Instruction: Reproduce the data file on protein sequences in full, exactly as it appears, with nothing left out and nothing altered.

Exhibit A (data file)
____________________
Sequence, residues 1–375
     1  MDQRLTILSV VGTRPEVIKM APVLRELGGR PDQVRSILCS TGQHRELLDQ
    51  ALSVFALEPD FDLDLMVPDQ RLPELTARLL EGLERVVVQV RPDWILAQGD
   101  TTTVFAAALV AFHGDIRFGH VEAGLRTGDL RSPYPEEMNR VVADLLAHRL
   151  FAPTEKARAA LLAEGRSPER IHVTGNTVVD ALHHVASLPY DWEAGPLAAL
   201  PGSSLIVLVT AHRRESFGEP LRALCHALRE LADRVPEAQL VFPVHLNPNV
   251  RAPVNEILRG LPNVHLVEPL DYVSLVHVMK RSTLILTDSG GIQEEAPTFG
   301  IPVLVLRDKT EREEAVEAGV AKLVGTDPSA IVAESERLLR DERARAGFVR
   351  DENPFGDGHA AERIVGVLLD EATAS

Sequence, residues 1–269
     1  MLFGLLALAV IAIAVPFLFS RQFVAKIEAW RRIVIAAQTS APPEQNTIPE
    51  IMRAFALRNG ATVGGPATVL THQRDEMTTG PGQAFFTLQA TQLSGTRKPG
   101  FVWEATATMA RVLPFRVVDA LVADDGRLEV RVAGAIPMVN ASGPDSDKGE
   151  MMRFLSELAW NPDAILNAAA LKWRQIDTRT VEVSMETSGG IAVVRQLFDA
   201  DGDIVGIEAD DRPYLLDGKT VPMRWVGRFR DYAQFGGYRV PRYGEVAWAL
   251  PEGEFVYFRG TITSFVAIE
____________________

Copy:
Sequence, residues 1–375
     1  MDQRLTILSV VGTRPEVIKM APVLRELGGR PDQVRSILCS TGQHRELLDQ
    51  ALSVFALEPD FDLDLMVPDQ RLPELTARLL EGLERVVVQV RPDWILAQGD
   101  TTTVFAAALV AFHGDIRFGH VEAGLRTGDL RSPYPEEMNR VVADLLAHRL
   151  FAPTEKARAA LLAEGRSPER IHVTGNTVVD ALHHVASLPY DWEAGPLAAL
   201  PGSSLIVLVT AHRRESFGEP LRALCHALRE LADRVPEAQL VFPVHLNPNV
   251  RAPVNEILRG LPNVHLVEPL DYVSLVHVMK RSTLILTDSG GIQEEAPTFG
   301  IPVLVLRDKT EREEAVEAGV AKLVGTDPSA IVAESERLLR DERARAGFVR
   351  DENPFGDGHA AERIVGVLLD EATAS

Sequence, residues 1–269
     1  MLFGLLALAV IAIAVPFLFS RQFVAKIEAW RRIVIAAQTS APPEQNTIPE
    51  IMRAFALRNG ATVGGPATVL THQRDEMTTG PGQAFFTLQA TQLSGTRKPG
   101  FVWEATATMA RVLPFRVVDA LVADDGRLEV RVAGAIPMVN ASGPDSDKGE
   151  MMRFLSELAW NPDAILNAAA LKWRQIDTRT VEVSMETSGG IAVVRQLFDA
   201  DGDIVGIEAD DRPYLLDGKT VPMRWVGRFR DYAQFGGYRV PRYGEVAWAL
   251  PEGEFVYFRG TITSFVAIE